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Academic fraud

On this page you can find explanations on what is considered academic fraud and plagiarism according to the rules and legislation of the University of Tartu.

Academic fraud is

  • in an assessment of learning outcomes, the use of any materials, help, or AI-based applications that the lecturer has not explicitly permitted;
  • requesting and using unauthorised assistance, for example, prompting, copying
    others’ work, using other student
    ’s help during individual assessment;
  • sharing of knowledge, which is not permitted by teaching staff;
  • participating in the assessment of another student, unless it is allowed;
  • presenting the work of another person under your name or deliberate use of parts
    of it without proper academic referencing
    (plagiarism) or
  • submission of the one’s own work again in the same or another course, unless the
    teaching staff has allowed it.

See also videos about academic fraud created by Faculty of Social Sciences

 

What is plagiarism?

The most common cases of plagiarism involve the use of unreferenced sources. The original text may be presented as a student’s own work either word-for-word or changed in some way.

When producing academic work, all publications, fundamental viewpoints, ideas, quotations, formulae, numerical data and images by other authors must be referenced. There is no need, however, to reference generally accepted views.

Academic fraud also includes using a chat tool or another AI-based application without proper reference, or to an extent not agreed on with the lecturer. A chatbot is not the (co‑)author of the text but rather a tool to compose the text. For more information on citing a chatbot, see the University of Tartu guidelines for using AI chatbots for teaching and studies.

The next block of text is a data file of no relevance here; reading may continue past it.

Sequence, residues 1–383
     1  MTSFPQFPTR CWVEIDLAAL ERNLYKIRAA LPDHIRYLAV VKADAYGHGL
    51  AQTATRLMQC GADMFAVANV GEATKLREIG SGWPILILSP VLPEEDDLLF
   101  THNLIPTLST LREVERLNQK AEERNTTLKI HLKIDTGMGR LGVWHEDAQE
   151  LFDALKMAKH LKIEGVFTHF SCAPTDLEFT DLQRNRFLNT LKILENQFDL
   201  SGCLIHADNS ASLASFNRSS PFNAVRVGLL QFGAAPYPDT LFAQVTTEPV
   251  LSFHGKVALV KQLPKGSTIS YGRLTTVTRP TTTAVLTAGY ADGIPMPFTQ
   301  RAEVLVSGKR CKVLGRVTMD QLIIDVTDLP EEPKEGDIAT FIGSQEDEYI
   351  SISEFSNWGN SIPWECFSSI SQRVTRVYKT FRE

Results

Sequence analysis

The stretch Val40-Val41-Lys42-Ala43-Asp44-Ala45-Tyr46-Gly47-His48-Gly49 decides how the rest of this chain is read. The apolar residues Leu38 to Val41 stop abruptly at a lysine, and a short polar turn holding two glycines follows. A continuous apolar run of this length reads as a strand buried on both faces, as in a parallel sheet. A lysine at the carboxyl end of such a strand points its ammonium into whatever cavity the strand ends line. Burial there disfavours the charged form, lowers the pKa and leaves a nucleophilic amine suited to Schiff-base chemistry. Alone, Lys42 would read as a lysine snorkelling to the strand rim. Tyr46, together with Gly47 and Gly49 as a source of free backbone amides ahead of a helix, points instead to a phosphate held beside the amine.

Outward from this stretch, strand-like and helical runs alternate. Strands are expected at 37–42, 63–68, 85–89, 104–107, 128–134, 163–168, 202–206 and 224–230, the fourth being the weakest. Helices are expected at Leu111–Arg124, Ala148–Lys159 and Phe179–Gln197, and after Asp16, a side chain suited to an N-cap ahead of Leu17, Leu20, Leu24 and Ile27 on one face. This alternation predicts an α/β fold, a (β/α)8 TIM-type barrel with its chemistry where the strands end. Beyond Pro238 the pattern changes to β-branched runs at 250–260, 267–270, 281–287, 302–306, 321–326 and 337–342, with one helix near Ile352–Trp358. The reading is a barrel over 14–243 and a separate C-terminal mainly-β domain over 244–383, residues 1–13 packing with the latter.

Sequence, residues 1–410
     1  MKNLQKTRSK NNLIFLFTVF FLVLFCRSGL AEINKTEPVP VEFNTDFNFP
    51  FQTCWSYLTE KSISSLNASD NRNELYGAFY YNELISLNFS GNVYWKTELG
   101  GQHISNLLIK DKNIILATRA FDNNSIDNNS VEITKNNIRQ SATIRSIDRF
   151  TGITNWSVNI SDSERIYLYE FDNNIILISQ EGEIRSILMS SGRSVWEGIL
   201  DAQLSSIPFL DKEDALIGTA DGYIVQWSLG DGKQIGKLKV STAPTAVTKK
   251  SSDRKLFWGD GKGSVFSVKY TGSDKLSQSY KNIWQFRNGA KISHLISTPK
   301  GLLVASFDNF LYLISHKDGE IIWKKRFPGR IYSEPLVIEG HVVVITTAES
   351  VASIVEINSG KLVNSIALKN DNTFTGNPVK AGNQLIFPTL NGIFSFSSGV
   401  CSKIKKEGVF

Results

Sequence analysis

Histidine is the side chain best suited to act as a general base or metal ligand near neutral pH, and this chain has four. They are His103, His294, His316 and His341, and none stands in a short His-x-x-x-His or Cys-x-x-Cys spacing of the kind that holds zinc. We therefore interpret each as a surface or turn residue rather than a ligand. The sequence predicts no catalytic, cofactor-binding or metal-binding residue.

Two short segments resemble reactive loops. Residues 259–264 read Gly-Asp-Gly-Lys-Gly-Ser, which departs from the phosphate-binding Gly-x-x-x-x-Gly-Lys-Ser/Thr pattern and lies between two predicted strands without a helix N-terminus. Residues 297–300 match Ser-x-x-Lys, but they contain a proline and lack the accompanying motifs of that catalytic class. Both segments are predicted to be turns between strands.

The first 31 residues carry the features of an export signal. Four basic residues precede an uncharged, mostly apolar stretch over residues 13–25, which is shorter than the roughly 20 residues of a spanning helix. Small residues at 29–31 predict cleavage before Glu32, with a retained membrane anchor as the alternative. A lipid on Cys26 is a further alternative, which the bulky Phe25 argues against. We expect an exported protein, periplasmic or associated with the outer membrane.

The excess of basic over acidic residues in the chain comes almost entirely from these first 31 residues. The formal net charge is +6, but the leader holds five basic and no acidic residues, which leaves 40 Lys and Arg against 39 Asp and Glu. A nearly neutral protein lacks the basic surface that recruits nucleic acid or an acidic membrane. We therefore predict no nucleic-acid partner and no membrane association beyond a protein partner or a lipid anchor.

When adding references, you should keep in mind the purpose which the work fulfils, for example whether you wish to convey an idea or argue against someone’s point of view. There are essentially two options: citation (using quotation marks or italics) or referencing (expressing the ideas of the original text in your own words without quotation marks). You should avoid committing unintentional plagiarism, for example by rewording text without references or using too many quotations in your own work.

There are several different styles for adding references, and you should use the style which is most common in your field. It is important to research the relevant requirements set by your field or faculty/institute before writing any academic papers.

Since February 2024 members of University of Tartu can use the StrikePlagiarism plagiarism detection system, with which it is possible to check the originality of written work, i.e. to compare it with both Estonian and English material on the internet and in various databases. The aim of plagiarism detection system is to prevent plagiarism and raise awareness of creative theft. The university has the right to check students’ written work using a plagiarism recognition system by uploading it to the plagiarism detection system database.

Plagiarism detection system detects textual matches between the work being checked and text on the internet as well as in databases connected to the plagiarism detection system. The member of the teaching staff can then check whether the student has referenced correctly, and in the event that plagiarism is detected can explain to the student what they have done wrong.

StrikePlagiarism can be used to review work submitted in Moodle course via an assignment, forum, workshop and quiz essay question and in StrikePlagiarism web panel.